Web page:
Wednesday, September 21, 2011

"Smells Like Jack"

For as long as I can remember, there has been a scent I associate with my mother. It's a perfume, and it's only on rare occasions I capture of glimpse of it.  I remember going to Girl Guide camp (any other GG's out there?) and one of the camp counsellors smelled like my mother and when I would become homesick, I would sit near her and feel instantly better. It's been years since my mother ever wore that particular brand of fragrance, and she can no longer recall the name of it. But I remember, and I always will.

I like to smell good. I'm more of a fan of "clean" smells on myself rather than overly powerful florals or musks.  I have 2 favourite perfumes, which I plan to smell like forever.
Philosophy's Amazing Grace

LaCoste Pour Femme.

I like to smell a certain way because I want people to remember "my smell" and associate it with me. I like that both of these scents are subtle and people don't generally smell them unless they're up close and then they always comment on my "smell". 

I can still remember exactly how my high school boyfriend smelled (I picked out the cologne and regretted it as soon as we broke up and I realized my next boyfriend couldn't smell like that, too). I remember the smell of a guy who sat next to me in Grade 12 English class. He smelled of an XL Tim Horton's double-double coffee and cigarettes- somehow this was an intoxicating aroma. For the record, of all these people, Scott smells the best. 

Well, the second best. 

There is a strong smell I associated with Jack.  It's strange in a way, for him to have developed his own smell since he was barely even here. But I remember smelling it right away- and knowing he was all mine. Kinda like how they say cats know when humans have handled kittens, they can tell just by the smell (by the way, is that even true? Or did my parents just tell me that so I didn't pick up stray kittens?).

It's difficult to described the scent other than to say it smells like baby. The aroma is strongest in the nursery where all of his things are encapsulated in 4 walls. It's almost like a combination of unused diapers, scent-free laundry detergent (I don't care what the label says, there's always a smell), Burt's Bees and consumer packaging. It smells of Jack- it smells of what his fresh newborn, fluffy head smelt of. It smells delicious.

Sometimes, when my longing for him is especially strong, I allow myself to go into his room and "breathe" him in. I lift the blue onesie he wore the day before he became ill, and press the collar to my nose and inhale him. For a moment, if I close my eyes, I can taste the smell.  When my eyes open again, I search for the stains from the milk he drooled, stains which will always exist on this article of clothing.  I try not to cry onto the onesie as I don't want to wash away the smell, it will always be one of my favourite possessions. By the way, if there's ever a fire, you will find me packing up his shit in the nursery- it's ALL coming with me.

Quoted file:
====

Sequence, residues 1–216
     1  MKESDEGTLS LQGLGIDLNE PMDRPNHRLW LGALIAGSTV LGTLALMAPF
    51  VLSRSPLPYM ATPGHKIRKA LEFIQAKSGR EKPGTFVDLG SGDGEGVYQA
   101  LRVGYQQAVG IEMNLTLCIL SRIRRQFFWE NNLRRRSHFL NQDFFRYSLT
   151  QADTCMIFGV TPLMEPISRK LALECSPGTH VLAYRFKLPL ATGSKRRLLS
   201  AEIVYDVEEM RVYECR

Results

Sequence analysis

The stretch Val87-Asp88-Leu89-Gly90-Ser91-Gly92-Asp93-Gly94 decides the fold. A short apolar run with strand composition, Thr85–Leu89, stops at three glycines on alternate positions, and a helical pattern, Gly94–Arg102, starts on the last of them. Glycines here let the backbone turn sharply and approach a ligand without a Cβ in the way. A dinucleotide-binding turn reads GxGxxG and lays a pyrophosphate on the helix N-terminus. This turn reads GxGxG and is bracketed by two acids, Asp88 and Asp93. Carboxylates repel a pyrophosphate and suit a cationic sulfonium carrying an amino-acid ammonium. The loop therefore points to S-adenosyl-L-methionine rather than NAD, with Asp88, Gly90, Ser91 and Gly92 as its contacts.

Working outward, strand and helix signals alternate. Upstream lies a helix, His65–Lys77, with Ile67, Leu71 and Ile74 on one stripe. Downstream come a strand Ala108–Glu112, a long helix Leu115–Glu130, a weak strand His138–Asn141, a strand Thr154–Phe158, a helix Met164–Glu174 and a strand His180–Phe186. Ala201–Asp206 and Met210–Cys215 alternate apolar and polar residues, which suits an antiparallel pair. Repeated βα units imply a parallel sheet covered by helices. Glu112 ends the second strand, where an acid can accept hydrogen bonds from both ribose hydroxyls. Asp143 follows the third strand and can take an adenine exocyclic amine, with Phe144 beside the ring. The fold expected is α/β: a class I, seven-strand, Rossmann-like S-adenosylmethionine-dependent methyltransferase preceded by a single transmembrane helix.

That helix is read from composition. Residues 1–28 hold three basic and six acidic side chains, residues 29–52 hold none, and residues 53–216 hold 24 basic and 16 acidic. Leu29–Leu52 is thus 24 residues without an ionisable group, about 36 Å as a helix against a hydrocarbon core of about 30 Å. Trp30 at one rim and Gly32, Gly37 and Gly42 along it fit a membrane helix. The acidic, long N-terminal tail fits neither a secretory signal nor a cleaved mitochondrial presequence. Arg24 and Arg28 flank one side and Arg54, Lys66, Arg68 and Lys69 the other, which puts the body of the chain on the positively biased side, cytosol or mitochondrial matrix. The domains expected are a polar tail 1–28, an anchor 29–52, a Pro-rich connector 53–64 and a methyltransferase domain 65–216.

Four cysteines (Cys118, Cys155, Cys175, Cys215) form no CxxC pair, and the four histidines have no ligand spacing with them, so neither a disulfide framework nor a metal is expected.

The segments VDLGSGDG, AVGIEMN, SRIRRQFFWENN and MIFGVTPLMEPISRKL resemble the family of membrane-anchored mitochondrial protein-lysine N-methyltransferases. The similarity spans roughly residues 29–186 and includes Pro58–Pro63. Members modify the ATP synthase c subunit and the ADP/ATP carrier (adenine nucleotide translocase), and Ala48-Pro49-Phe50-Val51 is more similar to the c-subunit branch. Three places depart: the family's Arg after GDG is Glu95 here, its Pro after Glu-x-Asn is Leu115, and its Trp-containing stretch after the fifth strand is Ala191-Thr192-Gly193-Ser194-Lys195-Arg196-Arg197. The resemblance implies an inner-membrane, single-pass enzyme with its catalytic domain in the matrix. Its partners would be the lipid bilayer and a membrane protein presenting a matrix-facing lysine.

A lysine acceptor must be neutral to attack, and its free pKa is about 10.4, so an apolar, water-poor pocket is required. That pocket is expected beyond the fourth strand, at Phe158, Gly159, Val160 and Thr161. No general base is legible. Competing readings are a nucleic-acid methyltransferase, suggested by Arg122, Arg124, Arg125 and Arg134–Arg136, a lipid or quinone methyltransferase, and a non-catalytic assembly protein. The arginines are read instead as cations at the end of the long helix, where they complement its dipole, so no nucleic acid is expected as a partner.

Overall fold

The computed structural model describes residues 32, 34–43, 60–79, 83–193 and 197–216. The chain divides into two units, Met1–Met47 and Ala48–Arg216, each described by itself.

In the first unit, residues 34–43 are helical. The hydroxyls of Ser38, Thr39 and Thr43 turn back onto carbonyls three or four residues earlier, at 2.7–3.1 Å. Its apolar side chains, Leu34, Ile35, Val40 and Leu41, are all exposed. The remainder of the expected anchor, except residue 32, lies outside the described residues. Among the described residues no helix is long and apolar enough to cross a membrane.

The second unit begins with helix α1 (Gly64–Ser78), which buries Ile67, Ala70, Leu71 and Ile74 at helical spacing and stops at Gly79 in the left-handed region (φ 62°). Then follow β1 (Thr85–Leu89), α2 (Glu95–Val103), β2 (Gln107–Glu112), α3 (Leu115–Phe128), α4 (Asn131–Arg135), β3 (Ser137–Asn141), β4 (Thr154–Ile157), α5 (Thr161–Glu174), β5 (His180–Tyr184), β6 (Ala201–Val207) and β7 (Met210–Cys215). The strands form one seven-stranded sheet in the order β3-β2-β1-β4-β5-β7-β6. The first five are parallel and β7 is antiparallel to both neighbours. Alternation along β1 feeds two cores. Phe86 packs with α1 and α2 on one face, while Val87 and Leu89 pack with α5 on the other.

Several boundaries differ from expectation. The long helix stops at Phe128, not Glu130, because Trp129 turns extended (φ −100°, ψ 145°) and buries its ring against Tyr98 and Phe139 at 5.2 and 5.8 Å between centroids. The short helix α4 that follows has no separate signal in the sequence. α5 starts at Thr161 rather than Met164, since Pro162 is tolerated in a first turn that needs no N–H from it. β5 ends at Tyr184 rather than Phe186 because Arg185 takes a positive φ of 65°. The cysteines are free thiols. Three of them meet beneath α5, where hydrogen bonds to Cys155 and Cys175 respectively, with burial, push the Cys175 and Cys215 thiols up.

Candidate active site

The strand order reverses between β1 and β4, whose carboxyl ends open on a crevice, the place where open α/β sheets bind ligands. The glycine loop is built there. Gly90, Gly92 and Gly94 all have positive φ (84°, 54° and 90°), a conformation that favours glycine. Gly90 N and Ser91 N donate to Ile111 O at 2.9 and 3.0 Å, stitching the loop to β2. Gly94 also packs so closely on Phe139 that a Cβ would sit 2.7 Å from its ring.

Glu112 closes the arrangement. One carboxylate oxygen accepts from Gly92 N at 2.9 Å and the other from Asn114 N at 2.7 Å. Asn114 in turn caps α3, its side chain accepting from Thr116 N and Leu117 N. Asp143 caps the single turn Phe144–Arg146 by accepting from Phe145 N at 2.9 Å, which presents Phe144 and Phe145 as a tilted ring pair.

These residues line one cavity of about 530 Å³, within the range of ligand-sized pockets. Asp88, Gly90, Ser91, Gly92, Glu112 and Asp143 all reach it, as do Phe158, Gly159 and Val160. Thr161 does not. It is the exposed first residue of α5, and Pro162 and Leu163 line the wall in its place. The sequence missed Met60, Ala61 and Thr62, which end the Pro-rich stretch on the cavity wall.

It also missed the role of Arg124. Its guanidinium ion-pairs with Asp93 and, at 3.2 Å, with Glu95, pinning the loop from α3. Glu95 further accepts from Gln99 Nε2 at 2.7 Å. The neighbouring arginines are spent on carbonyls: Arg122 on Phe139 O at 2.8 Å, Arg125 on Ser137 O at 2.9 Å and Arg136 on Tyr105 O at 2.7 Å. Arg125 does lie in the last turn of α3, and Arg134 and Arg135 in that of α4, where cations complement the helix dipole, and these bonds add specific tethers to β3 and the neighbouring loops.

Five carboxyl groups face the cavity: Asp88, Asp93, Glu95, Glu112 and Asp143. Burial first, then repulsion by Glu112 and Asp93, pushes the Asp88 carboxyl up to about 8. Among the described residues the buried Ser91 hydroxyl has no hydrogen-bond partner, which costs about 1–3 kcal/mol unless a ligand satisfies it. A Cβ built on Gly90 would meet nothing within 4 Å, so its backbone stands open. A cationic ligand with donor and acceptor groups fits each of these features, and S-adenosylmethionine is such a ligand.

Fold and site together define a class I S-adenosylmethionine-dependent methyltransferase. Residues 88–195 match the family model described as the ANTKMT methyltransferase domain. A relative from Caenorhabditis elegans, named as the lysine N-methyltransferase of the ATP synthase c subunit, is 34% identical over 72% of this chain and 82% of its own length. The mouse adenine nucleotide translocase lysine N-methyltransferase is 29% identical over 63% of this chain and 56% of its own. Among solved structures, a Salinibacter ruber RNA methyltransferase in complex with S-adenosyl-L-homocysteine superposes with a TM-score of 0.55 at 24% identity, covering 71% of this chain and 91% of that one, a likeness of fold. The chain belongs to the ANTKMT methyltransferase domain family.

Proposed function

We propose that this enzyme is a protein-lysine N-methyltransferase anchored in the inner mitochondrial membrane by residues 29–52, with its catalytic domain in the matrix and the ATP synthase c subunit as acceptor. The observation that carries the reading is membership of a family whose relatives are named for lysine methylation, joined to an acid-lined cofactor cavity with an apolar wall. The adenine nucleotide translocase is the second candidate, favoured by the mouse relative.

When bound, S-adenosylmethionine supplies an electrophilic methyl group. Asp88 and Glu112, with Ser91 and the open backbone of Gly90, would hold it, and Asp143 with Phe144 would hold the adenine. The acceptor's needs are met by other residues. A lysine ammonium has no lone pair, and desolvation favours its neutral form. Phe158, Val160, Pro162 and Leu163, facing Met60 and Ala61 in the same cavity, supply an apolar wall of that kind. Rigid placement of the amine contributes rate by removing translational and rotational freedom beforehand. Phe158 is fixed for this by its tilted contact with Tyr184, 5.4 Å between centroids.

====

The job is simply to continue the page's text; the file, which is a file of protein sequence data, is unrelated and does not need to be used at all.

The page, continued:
Occasionally I'll get a smell of Jack in unexpected places. I smell him for only a second and then I can't find it again. We'll be in the car, windows down and I'll announce I can smell him. It's not just me,  Scott has confirmed it- "smells like Jack" 

I feel like this is a way for me to know we are right where we're supposed to be. Getting rewarded with a little sniff of him when we're on the right track.  It's one of the things I want to hold onto forever as I find it incredibly comforting to know just what he smelled like. Just as I'll always remember how my mother smelled to me as a child, I hope to always know what Jack smelled like.

I made him, and he smelled so good.
Do you have smells you associate with your child? What are they? Do they bring back vivid memories for you, too?

Saturday, September 17, 2011

The Year of Jack

A year ago today, at 25-ish weeks pregnant, I finally "outed" myself to the general population of Facebook. People at work (obviously) had known for a while, as had most of my in-real-life friends. But ex-boyfriends and "frienemies" of Facebook, they did not.

Warm congratulations flowed in of the coming hours and days, and I relished in them. I remember feeling such a sense of excitement that my news was finally universal. I had waited until after Jack was"viable" before spilling the beans, because how awful is it to have to "undo" all of that. HA <- That is the universe laughing at my misfortune.